Sports fans pick up their sports following habit somewhere. I was lucky enough to have a father, an uncle, and an aunt who showed me the way. I wish they were here today to help me figure out how much things have changed. I sometimes feel alone in an ever-changing sports world. Then again, I remember my elders had their troubles keeping up with things at the end. They were in their 50s when we first saw sports on television, so their world was never the same from then on. I remember when most of the professional games were only on radio. Back then it was fun listening to the picture the announcer would paint for his listeners. However, now despite the fact that I am a radio guy, I have to see the game on television. I am not satisfied with a radio broadcast any longer. I wonder what my forefathers would think? All the games are televised now. Maybe I am really blessed.
Last week in Vermont, high school football was strongly affected by the relatively new wet bulb/heat index rule, which doesn’t allow athletic practices or games to be held if the numbers add up to the safety danger zone. I wonder if my dad and uncle would accept that one. I know they would have had trouble with the present day blood rules, because they always told me that real men don’t worry about bleeding. You are tough when you suck it up and play. I am not making fun of those rules; it just takes old timers some time to get use to them. Both rules would definitely have saved some lives in years before they were instituted.
Last Saturday, Burr & Burton pulled off their second straight football upset in the Vermont Division II ranks. They surprised Fair Haven 37-7. When I heard the game was forced to start at 9 a.m. due to the heat index probability, I wondered if Fair Haven had trouble waking up? It is starting to look like Burr & Burton is really good though.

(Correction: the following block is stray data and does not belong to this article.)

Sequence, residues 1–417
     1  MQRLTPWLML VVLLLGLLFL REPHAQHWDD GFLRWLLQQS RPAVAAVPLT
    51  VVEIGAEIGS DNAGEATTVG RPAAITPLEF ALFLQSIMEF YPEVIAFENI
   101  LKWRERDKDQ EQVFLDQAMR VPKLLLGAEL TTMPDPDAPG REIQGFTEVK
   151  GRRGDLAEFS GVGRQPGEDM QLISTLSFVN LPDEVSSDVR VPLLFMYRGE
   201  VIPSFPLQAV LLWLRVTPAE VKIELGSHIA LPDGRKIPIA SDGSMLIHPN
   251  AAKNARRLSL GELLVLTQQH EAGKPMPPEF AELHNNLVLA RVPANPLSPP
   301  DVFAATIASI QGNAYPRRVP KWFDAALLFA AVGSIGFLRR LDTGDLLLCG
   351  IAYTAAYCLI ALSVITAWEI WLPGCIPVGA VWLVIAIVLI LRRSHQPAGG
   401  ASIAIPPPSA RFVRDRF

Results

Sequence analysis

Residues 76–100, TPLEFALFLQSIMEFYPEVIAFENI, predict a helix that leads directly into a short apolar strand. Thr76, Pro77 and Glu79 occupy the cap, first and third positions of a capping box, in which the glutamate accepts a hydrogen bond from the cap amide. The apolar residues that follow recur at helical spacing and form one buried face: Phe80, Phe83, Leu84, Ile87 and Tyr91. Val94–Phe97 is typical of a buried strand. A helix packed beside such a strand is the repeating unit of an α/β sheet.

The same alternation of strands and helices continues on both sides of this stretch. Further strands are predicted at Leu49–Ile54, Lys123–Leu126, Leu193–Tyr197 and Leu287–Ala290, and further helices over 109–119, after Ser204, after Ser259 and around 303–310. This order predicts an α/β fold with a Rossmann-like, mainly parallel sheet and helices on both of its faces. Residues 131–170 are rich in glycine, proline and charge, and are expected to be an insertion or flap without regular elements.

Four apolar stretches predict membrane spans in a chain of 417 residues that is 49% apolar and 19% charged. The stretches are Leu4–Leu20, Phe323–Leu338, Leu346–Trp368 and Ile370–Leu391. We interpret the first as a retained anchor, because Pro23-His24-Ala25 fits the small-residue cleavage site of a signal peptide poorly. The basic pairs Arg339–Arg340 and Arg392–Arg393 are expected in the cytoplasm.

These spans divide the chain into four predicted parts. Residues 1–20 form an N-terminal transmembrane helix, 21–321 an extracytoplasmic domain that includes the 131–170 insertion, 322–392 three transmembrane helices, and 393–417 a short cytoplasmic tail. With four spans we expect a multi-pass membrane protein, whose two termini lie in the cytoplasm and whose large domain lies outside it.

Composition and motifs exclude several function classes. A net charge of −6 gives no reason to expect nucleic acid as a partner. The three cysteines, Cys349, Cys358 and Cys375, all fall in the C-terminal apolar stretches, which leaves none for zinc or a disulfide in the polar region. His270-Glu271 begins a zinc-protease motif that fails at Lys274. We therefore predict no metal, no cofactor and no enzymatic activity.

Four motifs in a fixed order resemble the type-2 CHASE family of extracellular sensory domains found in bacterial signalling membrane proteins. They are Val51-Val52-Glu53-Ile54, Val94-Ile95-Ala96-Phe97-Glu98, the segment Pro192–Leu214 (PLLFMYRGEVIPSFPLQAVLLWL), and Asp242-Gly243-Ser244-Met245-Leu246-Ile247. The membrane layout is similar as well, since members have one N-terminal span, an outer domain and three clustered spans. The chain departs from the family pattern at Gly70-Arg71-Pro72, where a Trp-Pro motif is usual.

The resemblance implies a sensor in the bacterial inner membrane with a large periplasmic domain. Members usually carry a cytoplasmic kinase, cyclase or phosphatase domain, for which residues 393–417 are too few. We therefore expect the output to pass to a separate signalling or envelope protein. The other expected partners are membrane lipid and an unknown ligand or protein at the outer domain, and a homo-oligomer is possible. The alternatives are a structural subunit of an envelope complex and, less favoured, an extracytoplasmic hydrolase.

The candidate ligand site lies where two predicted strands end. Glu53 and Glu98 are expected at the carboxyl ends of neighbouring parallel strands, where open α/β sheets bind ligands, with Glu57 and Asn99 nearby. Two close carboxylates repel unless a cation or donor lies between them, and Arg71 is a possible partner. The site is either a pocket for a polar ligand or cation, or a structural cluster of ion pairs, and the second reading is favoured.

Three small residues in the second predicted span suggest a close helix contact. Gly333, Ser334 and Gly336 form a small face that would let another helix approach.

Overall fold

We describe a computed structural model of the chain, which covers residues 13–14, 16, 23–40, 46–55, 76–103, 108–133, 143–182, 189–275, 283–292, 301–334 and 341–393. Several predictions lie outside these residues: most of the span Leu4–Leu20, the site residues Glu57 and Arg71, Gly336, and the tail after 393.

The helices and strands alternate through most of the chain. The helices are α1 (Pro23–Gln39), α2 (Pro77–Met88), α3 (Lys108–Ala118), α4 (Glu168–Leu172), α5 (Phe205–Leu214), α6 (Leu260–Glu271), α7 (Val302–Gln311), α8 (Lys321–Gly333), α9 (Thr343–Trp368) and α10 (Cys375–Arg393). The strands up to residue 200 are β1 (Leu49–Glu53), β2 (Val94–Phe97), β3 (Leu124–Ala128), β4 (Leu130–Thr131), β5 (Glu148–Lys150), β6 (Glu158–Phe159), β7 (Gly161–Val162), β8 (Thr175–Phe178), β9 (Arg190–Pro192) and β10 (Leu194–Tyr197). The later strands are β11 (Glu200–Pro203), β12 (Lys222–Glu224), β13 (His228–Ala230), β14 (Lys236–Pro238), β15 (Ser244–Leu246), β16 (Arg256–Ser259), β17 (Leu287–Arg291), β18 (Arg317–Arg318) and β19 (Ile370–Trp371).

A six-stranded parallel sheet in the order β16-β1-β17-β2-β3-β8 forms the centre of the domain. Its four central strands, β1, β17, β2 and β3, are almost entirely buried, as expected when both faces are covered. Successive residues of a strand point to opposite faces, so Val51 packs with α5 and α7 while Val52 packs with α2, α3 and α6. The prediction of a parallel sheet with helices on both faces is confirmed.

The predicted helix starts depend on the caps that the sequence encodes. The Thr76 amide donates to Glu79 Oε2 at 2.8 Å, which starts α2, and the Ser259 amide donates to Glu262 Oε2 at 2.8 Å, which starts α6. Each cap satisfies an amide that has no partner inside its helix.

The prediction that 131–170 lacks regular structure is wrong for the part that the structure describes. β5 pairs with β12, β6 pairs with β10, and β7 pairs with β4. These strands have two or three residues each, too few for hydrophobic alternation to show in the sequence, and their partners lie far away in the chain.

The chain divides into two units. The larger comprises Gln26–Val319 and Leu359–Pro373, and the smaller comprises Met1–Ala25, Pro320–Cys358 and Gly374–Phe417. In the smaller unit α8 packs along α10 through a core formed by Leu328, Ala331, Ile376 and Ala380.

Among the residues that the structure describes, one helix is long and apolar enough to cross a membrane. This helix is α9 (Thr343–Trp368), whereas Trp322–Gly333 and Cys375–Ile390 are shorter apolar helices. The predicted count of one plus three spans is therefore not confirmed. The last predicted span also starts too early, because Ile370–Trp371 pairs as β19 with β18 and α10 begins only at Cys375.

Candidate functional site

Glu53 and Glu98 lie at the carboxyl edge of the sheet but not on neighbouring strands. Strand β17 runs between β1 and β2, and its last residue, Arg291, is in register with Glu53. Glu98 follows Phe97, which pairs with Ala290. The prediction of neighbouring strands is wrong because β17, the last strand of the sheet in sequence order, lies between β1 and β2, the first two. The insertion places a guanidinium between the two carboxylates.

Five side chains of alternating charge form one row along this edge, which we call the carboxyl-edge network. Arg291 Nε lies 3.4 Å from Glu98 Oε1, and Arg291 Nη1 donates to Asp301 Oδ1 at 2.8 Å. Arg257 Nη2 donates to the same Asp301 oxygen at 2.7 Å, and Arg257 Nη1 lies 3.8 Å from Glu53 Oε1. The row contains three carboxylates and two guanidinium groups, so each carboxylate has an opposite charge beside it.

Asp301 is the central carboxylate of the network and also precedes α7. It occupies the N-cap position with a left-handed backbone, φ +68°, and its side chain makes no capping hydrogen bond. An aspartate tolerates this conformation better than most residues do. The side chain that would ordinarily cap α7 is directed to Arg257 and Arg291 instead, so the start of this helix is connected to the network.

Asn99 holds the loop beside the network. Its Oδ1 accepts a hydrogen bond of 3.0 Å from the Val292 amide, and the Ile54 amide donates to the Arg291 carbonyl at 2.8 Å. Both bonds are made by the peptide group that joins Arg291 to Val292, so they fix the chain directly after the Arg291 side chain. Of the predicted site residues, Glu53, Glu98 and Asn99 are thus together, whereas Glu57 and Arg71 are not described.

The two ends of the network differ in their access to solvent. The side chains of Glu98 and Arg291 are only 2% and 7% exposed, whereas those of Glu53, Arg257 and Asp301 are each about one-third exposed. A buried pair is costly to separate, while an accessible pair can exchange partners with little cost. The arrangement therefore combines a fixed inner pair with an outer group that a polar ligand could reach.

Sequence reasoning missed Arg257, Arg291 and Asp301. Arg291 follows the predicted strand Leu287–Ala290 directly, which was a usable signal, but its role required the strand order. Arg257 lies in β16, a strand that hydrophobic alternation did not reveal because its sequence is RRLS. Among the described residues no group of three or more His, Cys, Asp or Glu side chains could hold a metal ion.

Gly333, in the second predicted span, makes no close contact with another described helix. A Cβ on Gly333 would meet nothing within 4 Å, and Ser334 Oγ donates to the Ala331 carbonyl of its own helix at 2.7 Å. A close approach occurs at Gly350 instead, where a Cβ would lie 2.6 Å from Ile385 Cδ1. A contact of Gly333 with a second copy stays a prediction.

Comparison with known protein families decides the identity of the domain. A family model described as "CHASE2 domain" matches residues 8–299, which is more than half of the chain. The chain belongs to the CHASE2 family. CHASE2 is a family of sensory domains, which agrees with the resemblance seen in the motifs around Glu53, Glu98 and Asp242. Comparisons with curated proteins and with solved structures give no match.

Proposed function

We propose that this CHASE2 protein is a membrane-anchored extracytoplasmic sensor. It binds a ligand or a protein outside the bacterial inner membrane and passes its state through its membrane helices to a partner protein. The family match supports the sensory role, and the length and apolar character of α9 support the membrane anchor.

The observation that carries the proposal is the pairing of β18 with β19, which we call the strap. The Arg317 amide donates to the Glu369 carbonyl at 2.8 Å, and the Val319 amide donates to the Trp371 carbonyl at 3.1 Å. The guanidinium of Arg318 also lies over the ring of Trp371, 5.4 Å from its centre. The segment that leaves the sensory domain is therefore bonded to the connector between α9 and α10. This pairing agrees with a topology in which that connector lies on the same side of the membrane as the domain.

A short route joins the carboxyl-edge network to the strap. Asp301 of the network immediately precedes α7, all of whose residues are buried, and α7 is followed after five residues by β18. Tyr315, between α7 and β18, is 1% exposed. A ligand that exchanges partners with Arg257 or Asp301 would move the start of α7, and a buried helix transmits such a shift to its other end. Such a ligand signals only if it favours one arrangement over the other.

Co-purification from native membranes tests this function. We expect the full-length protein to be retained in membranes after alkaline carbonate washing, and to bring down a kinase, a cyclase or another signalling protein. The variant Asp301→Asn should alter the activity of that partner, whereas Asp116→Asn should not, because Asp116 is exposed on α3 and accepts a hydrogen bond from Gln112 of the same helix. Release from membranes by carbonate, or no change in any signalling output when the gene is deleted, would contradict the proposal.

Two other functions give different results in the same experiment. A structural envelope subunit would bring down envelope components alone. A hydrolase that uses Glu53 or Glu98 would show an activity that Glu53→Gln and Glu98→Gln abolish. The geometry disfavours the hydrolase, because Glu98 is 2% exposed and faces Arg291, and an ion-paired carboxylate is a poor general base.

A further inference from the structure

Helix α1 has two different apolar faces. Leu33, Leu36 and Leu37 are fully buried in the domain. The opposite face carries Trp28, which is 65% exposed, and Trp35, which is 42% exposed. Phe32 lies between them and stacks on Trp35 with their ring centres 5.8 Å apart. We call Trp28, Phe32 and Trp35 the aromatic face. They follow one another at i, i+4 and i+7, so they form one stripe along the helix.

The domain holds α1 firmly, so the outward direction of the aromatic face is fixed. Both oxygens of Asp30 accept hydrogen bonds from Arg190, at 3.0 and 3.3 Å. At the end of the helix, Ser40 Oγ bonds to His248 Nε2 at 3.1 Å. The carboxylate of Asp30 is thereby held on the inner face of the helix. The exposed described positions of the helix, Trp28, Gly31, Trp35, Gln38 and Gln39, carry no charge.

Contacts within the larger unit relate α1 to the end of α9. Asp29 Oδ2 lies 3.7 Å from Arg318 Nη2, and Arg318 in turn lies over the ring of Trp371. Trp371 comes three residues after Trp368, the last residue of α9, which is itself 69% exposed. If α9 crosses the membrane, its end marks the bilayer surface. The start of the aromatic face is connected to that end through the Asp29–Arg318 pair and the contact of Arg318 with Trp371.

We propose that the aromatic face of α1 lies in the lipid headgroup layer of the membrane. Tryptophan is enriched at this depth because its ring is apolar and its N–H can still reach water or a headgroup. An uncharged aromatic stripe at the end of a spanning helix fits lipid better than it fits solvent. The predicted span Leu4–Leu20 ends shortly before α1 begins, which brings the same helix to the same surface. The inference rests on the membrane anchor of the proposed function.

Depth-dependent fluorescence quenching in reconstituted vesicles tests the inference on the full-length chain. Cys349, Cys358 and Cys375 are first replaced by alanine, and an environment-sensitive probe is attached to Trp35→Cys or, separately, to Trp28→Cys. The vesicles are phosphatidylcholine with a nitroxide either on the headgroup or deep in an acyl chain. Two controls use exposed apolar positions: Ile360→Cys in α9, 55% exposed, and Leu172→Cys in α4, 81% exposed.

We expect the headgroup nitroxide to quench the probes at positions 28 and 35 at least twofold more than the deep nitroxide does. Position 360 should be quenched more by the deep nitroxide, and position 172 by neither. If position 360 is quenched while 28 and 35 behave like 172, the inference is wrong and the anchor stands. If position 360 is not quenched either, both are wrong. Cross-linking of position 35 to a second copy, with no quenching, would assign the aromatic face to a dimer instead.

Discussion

I spoke to Bellows Falls Cross Country Coach Tim Eno, and for the first time in over a decade, his squad has enough female performers (and then some) for a team score. Remember, Eno’s boys team suffered a heartbreaking defeat in the state meet last fall, and they graduated three of their top four runners. Eno had hoped they would jump back near the top this year, but they have “been inconsistent,” to date, he says.
Nic Potter, Ian Wallace, and Tim Salter Roy are back to lead the boys squad and Lia Clark heads up the veteran part for the girls. The boys have been coming on lately, especially because freshman Colton Baldasaro “has stepped it up and challenged the others” according to Eno. “I thought we would be better at this stage, but with a little more consistency we will improve,” Eno said of the boys. There is an “impressive freshman on the girls side too,” Eno enthusiastically said, noting the strong start to Molly Hodsden’s career.
Eno’s team was hoping to run in a Marble Valley League Meet at Woodstock when we spoke to him Tuesday, but he was concerned the meet might be postponed because of the heat safety rules. New Hampshire has some heat guidelines as well, but few events are postponed there.
Fall Mountain is the biggest school in our reporting area. Regardless, we are impressed they offer eight sports during the fall sports season. The eight are boys’ and girls’ soccer, boys’ and girls’ cross country, football, volleyball, boys’ and girls’ golf, and bass fishing. In all, there are 162 Wildcats competing this fall in one of those activities. To me, the most surprising numbers are 38 and 31. Those are the numbers for boys’ soccer and football. My shock is that there are similar numbers in both sports. I have always known that Fall Mountain is soccer country, so football may be in better shape than I realized. Winning games in football has been close to non-existent, but maybe this year’s high underclass numbers mean the sport is actually on the way up.
Fall Mountain has two prime time coaching openings. Both the varsity basketball and baseball positions are open. Interested persons need to contact Gordon Danserau at the school.